Fresh or frozen: which veggies are healthier?
When it comes to buying vegetables, there are some good reasons to head to the freezer aisle.
Is fresh best?
It can take several days from the time a vegetable is picked at a farm until it’s being sold at your local supermarket or greengrocers.
Additionally, roughly 10 per cent of supermarket produce comes from overseas, and conditions such as controlled-atmosphere storage and packaging to reduce the rate of deterioration are often used.
All these factors can have a detrimental effect on the nutritional content of your veg and studies have shown that fresh produce may lose up to 45 per cent of its essential nutrients during the journey from farm to table.
Frozen veg, by comparison, are usually snap frozen almost immediately after they are picked, keeping the vegetable and its nutrients pretty much intact.
Are all frozen foods created equal?
Scientists at Leatherhead Food Research and University of Chester, UK, found that overall there are more nutrients in frozen veg than ones that had been in a fridge for three days. In two out of three cases, frozen veg had higher levels of antioxidants, including polyphenols, anthocyanins, lutein, and beta-carotene.
Some green vegetables lose around 50 per cent of their vitamin C content within one week of buying. "Just 10 per cent of vitamin C is lost in green veg when frozen," says Maria Packard, from the Dietitians Association of Australia.
Does this mean I should only buy frozen veggies?
No, "fresh vegetables which have been stored for a long time do lose nutrients, but [they] are [still] nutritious options" says Packard.
With just 1 in 20 Australians eating the recommended five serves of vegetables every day, any sort of vegetables, fresh or frozen, is important for a healthy diet.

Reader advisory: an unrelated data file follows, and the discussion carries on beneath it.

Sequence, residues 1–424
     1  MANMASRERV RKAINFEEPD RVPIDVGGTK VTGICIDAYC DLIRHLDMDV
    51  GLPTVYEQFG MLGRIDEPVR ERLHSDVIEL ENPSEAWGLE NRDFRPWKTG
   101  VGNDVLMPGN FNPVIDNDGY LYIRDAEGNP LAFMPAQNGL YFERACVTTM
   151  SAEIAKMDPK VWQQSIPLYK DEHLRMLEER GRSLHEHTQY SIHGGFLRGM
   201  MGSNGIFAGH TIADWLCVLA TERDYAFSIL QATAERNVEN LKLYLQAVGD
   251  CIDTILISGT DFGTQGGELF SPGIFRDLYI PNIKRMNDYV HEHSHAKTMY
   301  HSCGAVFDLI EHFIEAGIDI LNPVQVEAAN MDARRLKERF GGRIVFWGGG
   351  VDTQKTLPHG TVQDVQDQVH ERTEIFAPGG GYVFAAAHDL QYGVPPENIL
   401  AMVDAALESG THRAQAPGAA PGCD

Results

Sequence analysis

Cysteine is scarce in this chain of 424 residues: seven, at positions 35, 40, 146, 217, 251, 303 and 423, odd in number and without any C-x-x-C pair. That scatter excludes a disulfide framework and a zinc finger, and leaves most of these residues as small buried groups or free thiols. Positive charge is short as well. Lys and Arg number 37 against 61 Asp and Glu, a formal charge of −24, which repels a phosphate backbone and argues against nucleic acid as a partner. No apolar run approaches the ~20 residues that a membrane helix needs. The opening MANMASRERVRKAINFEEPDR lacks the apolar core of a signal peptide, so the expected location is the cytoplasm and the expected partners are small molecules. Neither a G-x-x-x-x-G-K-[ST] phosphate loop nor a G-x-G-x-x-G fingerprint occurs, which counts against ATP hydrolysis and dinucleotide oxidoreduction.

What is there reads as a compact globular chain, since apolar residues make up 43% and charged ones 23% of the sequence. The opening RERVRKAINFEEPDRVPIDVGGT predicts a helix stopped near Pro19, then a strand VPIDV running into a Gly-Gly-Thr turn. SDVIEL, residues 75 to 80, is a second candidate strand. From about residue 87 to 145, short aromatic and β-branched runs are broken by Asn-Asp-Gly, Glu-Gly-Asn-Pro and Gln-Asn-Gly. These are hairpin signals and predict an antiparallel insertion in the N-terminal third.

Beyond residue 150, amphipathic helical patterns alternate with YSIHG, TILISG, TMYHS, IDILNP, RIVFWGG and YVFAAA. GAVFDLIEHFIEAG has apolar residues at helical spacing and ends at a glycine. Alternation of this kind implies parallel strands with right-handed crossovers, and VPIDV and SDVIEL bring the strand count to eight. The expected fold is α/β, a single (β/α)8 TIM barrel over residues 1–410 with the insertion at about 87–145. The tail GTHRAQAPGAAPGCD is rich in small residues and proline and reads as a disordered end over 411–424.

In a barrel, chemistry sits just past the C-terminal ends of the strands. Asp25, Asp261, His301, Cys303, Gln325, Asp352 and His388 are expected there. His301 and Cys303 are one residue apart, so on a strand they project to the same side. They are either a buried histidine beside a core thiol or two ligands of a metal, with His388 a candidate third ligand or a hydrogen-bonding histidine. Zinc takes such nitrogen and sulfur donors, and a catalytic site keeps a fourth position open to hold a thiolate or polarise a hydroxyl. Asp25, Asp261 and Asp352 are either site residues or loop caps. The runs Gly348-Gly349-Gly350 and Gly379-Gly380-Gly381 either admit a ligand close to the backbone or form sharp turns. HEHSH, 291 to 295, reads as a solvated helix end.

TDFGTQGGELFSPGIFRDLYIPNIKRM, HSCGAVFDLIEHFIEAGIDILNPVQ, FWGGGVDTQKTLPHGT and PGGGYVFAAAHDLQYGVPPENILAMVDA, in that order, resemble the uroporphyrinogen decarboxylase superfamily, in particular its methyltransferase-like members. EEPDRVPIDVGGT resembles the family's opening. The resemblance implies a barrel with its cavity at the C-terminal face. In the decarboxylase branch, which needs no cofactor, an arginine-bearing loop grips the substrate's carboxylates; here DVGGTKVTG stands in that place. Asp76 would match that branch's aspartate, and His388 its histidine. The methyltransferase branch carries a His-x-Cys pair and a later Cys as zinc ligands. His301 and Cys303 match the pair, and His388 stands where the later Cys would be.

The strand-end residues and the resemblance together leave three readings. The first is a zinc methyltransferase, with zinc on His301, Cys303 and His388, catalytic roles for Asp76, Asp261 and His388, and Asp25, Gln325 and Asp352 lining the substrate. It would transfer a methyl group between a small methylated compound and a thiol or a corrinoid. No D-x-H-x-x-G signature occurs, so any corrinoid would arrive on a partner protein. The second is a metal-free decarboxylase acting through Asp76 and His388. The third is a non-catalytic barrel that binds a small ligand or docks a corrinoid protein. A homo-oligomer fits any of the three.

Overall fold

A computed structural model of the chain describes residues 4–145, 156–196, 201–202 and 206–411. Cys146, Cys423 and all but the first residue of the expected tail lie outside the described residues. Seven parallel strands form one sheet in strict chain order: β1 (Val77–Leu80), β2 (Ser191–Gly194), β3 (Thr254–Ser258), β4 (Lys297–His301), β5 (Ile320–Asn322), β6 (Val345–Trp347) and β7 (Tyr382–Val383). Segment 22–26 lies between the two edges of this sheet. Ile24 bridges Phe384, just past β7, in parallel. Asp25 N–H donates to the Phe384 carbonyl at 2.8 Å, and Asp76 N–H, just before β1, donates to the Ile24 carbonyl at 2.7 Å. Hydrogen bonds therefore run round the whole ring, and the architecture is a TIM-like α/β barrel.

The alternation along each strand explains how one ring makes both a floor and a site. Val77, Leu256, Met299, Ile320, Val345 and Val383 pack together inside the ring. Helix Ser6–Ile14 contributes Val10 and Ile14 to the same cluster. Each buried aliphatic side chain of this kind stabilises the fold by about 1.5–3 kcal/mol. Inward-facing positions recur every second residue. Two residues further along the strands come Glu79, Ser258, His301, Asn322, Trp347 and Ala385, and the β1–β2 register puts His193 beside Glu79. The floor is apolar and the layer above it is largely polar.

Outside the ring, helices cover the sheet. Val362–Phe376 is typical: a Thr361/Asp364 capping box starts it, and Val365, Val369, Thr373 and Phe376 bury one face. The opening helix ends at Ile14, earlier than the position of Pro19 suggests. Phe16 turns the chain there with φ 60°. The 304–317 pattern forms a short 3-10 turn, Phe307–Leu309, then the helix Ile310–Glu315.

Ideally, buy your veg from a farmer's market, where the paddock to plate journey will be much shorter, and have some frozen veg on hand for convenience.
One of the main health advantages of eating vegetables (fresh or frozen) is the fibre content. Fibre doesn't deteriorate as quickly or easily in week-old veg, so it's still worth eating fresh.
Fibre is important for helping:
- Maintain healthy and regular bowels.
- Control blood sugar levels.
- Lower cholesterol levels.
- Maintain a healthy weight.
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How you cook your vegetables – frozen or fresh – can also affect the nutrient content. "Vegetables that are boiled in large amounts of water for a long time lose most of their nutrients as they are leached into the water," says Packard. "Vegetables which are lightly steamed will retain much more of their nutrients."
"Fresh food, particularly when eaten in season is great, but frozen foods are good alternatives – equally nutritious, and really convenient, with long shelf lives if stored correctly," says Packard. "If you're on a budget, buying frozen vegetables can be more cost effective as they last longer and that cuts down on wastage."
Whichever you decide to use, as long as you're eating two serves of fruit and at least five servings of vegetables every day, your body will thank you for it.